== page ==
Python site package script as command

I’ve been working through trying to get my Python 3.6 application which has a command-line interface to be packaged with Snap. I’ve managed to solve most problems through a combination of the documentation and brute force. However, I think I am stuck on the last hurdle.

I’ve managed to install both Python 3.6 and then my application using parts. But my apps command appears to be isolated from the build parts so I’m unable to get the command to call my python program.

As I understand it the final build will not contain any of the things created in the parts and I need to specify what I want to bring over (using things like prime). However, I can’t seem to figure out exactly how.

Here’s what I have currently:

name: mzo
version: '0.0.1'
summary: my summary
description: |
  My description.

grade: devel # must be 'stable' to release into candidate/stable channels
confinement: devmode # use 'strict' once you have the right plugs and slots

    command: /usr/local/bin/mzo
    plugs: [network, network-bind]

    plugin: nil
      - make
      - zlib1g-dev
      - openssl
      - libssl-dev
      - libffi-dev
    source-checksum: md5/9f49654a4d6f733ff3284ab9d227e9fd
    override-build: |
      ./configure --enable-optimizations
      sudo make install
    after: [python36]
    plugin: nil
    source-checksum: sha256/ad70091661bc3bf920022b59423999d82c7f050338832f14c84a3044a431d48c
    override-build: |
      /usr/local/bin/python3 -m pip install --upgrade pip wheel setuptools pipenv
      pipenv lock --requirements > requirements.txt
      /usr/local/bin/python3 -m pip install -r requirements.txt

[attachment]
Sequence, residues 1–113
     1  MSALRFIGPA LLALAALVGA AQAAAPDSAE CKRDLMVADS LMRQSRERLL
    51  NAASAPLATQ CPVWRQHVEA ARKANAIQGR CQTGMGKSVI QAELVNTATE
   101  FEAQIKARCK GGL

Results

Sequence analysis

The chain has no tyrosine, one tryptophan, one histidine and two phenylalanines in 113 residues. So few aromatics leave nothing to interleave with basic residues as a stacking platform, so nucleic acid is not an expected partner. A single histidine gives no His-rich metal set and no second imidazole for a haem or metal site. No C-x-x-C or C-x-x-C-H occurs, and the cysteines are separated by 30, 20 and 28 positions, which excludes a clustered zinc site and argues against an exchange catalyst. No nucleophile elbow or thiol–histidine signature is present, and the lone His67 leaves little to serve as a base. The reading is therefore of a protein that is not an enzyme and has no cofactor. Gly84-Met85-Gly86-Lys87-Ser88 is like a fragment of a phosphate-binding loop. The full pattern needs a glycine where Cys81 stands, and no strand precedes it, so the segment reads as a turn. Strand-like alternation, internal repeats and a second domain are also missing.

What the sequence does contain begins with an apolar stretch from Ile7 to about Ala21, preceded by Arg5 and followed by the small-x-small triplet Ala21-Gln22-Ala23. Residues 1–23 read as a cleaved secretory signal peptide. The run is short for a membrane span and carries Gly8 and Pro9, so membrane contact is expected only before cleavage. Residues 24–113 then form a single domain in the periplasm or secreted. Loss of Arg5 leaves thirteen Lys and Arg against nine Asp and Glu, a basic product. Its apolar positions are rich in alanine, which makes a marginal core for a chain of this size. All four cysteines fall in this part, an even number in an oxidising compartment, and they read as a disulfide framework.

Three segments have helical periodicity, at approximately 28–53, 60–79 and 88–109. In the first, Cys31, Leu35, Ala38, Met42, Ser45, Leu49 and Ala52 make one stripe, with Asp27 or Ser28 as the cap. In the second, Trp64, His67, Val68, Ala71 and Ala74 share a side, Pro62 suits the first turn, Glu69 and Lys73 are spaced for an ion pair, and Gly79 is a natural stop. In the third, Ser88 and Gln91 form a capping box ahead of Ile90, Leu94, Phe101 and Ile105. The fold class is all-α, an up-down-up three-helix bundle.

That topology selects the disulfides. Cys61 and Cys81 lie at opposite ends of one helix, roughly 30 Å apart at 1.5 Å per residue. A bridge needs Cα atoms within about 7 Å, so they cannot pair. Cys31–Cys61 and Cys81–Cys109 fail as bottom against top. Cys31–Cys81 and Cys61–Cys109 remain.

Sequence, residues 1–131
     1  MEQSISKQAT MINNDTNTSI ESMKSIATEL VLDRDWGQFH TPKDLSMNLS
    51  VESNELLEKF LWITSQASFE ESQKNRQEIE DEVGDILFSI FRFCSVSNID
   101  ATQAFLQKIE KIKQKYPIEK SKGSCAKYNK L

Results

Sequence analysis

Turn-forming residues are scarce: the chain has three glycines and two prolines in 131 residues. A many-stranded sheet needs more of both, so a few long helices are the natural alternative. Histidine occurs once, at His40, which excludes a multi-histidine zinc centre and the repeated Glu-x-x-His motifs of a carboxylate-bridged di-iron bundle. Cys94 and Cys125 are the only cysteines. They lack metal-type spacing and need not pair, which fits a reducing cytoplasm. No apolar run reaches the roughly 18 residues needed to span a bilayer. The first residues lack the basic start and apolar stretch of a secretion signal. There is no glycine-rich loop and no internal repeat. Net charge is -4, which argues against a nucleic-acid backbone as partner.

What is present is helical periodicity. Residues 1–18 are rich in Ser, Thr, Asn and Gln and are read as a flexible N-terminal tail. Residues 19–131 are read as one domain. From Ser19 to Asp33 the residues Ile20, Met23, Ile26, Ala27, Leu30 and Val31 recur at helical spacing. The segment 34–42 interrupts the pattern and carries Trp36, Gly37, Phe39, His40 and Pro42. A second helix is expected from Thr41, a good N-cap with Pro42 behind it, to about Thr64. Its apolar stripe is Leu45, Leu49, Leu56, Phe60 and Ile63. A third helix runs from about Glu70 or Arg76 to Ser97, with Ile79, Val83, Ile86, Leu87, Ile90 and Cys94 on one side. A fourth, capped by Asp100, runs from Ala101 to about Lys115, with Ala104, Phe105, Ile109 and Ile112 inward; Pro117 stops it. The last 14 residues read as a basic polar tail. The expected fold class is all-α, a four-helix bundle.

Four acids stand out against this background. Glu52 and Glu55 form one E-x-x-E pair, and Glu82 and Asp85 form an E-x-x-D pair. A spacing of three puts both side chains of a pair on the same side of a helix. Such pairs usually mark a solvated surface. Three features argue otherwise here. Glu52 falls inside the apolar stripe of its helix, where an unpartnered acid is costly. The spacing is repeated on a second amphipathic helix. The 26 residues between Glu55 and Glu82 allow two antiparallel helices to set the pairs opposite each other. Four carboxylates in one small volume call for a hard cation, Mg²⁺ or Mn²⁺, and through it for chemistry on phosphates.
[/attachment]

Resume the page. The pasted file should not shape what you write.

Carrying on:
Any pointers would be very much appreciated; I’m not getting very far very fast.


The command must not be anchored to the root directory because that will be outside of your snap’s readable filesystem. If you install your mzo into your snap at usr/local/bin/mzo then you may reference it as:

    command: usr/local/bin/mzo

Note that this will be in your snap’s filesystem, such that when you run it the command will expand to $SNAP/usr/local/bin/mzo where $SNAP points into your snap.

Here you’re running commands outside of the snap build directory, so the resulting files will not be added into your snap. You need to use the python plugin and the requirements: key to install the requirements and your application into $SNAPCRAFT_PART_INSTALL. From there snapcraft will copy the files into $SNAPCRAFT_STAGE followed by ./prime before finally packaging the ./prime directory into a .snap file:

    plugin: python
    python-version: python3
    requirements: requirements.txt

You can generate the requirements.txt using the method you already are if you do not include it directly in the download and then call back into snapcraft to run the build:

    override-build: |
      pipenv lock --requirements > requirements.txt
      snapcraftctl build

Even better would be to generate the requirements.txt at pull so that snapcraft can discover it before running the build:

    override-pull: |
      snapcraftctl pull
      pipenv lock --requirements > requirements.txt

Hi @lucyllewy, really appreciate the help and the detail. I will give this a shot this evening.

I am building Python 3.6 and not using the Python plugin as my code has some 3.6 specific syntax and I believe the plugin currently only supports 2.7.x and 3.5.x.

If I want to use 3.6 should I then be installing python to somewhere like $SNAPCRAFT_PART_INSTALL/python. Or maybe it is easier to fork the existing Python plugin and edit it to use 3.6.

Thanks again.

You could wait till building against core18 works out of the box, but I’m not sure how far away that is yet…

Alternatively, your theory about using a modified plugin is actually a good one. The process to do so is to find the snapcraft plugin’s source (if you installed snapcraft as a snap then it’s at less /snap/snapcraft/current/lib/python3.5/site-packages/snapcraft/plugins/ and copy that into your project so that it is inside a directory called plugins, which sits alongside your snapcraft.yaml:

  - snap/
    - plugins/
    - snapcraft.yaml

Here I’ve called the plugin x-python so that is the name you need to use in your snapcraft.yaml instead of python - this is to prevent undefined behaviour where the python plugin might exist in two places.